But Andy endures and perseveres because he knows who he is and the movie has the uncanny quality to rescue hope from the deepest bowels of despair. Any plot description would make the film sound like a depressing experience but the story is all the more uplifting because of the spectrum through which optimism is brought into the limelight. And as Red observes and slowly comes to understand the values Andy says and then acts on, his own soul finds the freedom to seek hope from within.
Because this story is so flawlessly told like an unhurried, engrossing novel, it is easy to ignore the impressive artistic quality behind and that is one measure of a true masterpiece. All of the incredible performances by Tim Robbins and Morgan Freeman, the masterful writing and direction by Frank Darabont and the eye-popping cinematography by Roger Deakins combine to create a vision that creates such a satisfying whole that it is hard to distinguish among the technical credits of excellence. All of this builds to arguably the most uplifting ending in cinematic history, which I won’t reveal for those who have still yet to discover the film.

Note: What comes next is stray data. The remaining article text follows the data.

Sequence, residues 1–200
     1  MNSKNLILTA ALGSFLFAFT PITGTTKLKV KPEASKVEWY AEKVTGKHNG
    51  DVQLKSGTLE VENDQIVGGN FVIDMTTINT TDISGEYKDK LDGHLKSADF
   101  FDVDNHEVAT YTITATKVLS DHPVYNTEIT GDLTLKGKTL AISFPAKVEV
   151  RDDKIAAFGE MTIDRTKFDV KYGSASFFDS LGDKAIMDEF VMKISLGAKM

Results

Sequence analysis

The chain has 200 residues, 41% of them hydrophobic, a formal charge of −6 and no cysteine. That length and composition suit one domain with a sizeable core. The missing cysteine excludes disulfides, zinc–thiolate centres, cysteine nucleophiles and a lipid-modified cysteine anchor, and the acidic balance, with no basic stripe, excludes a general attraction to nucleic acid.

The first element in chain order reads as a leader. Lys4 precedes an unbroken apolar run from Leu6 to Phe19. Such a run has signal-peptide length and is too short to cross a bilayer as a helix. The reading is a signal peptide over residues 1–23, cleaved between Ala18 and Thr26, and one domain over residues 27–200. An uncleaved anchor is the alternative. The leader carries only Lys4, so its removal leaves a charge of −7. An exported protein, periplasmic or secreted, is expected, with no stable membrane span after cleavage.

There have been many uplifting, inspirational films in recent years but The Shawshank Redemption speaks volumes more than any of them. That’s because it touches on our need to not just believe that hope survives but that there is someone who is a living example of it. Andy knows that, Red eventually sees it and The Shawshank Redemption is a searing portrait of that unspoken need.